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I also thought this slammed Mazda Protege 5 was cool – not just because it was cleanly done – but because this isn’t a common platform for modification.

Is Performance Back?
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If anything though, it seems likes performance builds might be making a comeback in the birthplace of Hellaflush.

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The building was full of turbo conversions, engine swaps and other cars with spec sheets that included a lot more than just wheel offsets or tire sizes.

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Could there be a better combination than the FD3s RX-7 and a GM LS V8? Rotary purists might cringe, but these powerful, aluminum V8s are just so well-matched to the FD’s light chassis and timeless looks. As an added bonus, this FD street car from the Inspire Crew as also packing some boost to go along with its eight cylinders of American muscle.

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Speaking of motor swaps, a shop by the name of Tech3 brought out its 240Z track car project. The Datsun sports all manner of functional mechanical upgrades.

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Under the hood, the L-series six has been removed in favor of a potent SR20DET setup.

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If there’s one thing I noticed about the Bay Area scene it’s that people here seem to really enjoy their AWD turbo machines. Shops like San Jose’s Speed Element are turning out numerous Evos and Imprezas loaded with high-end tuning parts from Japan.

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In fact, I think Tsukuba Circuit is the only place I’ve seen more Varis aero kits, Voltex wings and RAYS Volk Racing wheels. They certainly know how to do ‘em well in the Bay!

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Speaking of Volk Racing, here’s an STI modeling the brand’s new ZE40 wheels under a set of widened fenders. I dig it.

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Is there any stopping Rocket Bunny mania? It appears not after seeing the crowd reaction to the David Uy’s TRA Kyoto kit-equipped R35 GT-R. What a radical looking machine.

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Some like to look back to the 1990s to find their Japanese hero cars, and those people would be pleased to see vehicles like this ultra-clean JZA80 Supra. While the Supra has always brought big money on the used car market, I’ve got no doubt these things will only go up in value as the years go on.

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The same can be said for the Acura NSX, which was represented by this airbagged example from the Endless Projects crew.

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You just gotta lave a Datsun 510, especially when it’s clean and original example like this root beer-colored wagon. Nothing outrageous when it comes to mods here, just a classic machine that’s received a lot of love from its owner.

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In contrast to the meticulously presented 510, here’s another Datsun that calls the Bay Area home. Rather than a tidy show car, this 240Z is an absolute beast, coming straight out of Oakland’s late-night street racing scene.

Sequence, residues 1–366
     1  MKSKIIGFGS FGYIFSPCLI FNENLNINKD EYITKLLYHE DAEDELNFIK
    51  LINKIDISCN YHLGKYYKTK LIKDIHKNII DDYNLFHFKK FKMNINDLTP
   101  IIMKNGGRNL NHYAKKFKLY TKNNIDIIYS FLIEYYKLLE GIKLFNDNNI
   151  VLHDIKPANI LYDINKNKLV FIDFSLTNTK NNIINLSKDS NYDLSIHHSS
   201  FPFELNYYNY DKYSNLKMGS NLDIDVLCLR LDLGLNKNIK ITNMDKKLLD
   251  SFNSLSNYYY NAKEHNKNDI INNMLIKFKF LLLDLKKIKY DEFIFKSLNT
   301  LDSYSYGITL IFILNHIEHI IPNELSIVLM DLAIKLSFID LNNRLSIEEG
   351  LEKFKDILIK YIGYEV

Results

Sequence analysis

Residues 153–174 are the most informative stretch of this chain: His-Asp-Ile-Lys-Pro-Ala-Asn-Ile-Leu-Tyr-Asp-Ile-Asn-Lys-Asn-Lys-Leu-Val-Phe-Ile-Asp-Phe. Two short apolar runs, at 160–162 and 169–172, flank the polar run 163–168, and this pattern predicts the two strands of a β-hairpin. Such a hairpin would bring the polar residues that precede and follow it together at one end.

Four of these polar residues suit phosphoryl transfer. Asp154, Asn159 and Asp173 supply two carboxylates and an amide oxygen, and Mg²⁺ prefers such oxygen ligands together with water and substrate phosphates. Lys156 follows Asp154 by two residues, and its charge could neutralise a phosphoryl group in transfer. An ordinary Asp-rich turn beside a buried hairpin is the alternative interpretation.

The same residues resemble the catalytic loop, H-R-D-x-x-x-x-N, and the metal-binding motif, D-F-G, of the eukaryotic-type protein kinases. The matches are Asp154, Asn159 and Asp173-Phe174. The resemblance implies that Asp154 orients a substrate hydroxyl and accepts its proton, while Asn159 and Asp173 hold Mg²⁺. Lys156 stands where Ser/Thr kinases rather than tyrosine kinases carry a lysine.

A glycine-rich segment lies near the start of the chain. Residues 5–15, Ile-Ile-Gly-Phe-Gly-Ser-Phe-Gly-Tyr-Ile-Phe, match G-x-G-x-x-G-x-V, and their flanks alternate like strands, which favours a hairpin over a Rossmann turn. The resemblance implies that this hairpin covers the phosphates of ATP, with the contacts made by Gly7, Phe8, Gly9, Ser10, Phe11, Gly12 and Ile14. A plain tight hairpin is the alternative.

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It’s powered by a turbocharged LS motor, and with its exhaust dumped out right next to the front wheel it sounded absolutely gnarly.

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This DC2 Integra with a bunch of JDM Type R parts and a set of Sprint Hart wheels was another one of the many high quality Hondas and Acuras that came out. Simple and to the point, don’t you think?

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Along with the hundreds of cars that were on hand, BLOX Evolution also included other activities like an RC drifting display put on by a local club.

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There was also a strong showing of customized scooters – this is another scene which has roots on the tight streets of San Francisco.

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As you can see, the Bay Area is about a lot more than public transportation and the Prius.

Mike Garrett
Instagram japanifornia



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10 years.... man it's crazy how it's already been 10 years it felt like so much have changed since and things are not the same
At least we still have car meets the car scene is still alive it's great people are still coming together to share the same passion and love as we always had for cars


Many real car fans will have to agree with @BASITH PH. There was an indescribeable excitement about going to a car show or seeing a lowered and modified car those days. Even better was meeting another enthusiast. Can't even get that anymore even with these crazy ass builds going on nowadays. We're just lucky we still have something. Just ain't the same anymore..

You would think with all these cameras and high speed we would get alot of feeds to great blogs like SH, but like usual good blog posts still slowly come and go.

Thanks for the memories.


Can't believe it was 10 years ago but the modified car scene feels like it was peaking around then.

Sure there are crazier builds and such nowadays and there's a cars and coffee somewhere every weekend.

But car culture and car meets just felt different back then. No (or at least far less) takeover BS.

I feel like an old man yelling at clouds talking about the good ol days, but it really was the good ol days with BLOX, wekfest, the fatlace paddock etc etc.


I gotta 100% agree with you here.

I'm in my 20s now but back then the modified car scene felt more special, more niche.
Not as mainstream as it is today. Back then it was all good to modify an e30 M3 or an r34 gtr vspec, nowadays thanks to the media and musicians owning and flexing cars like this, it's considered a sin since most would consider these cars an investment instead of fun, simple little sports cars to enjoy rather. Really sad to see.

I wish I had my car back then, times were much much more exciting and way less coorperate than they are now...
At least it feels that way.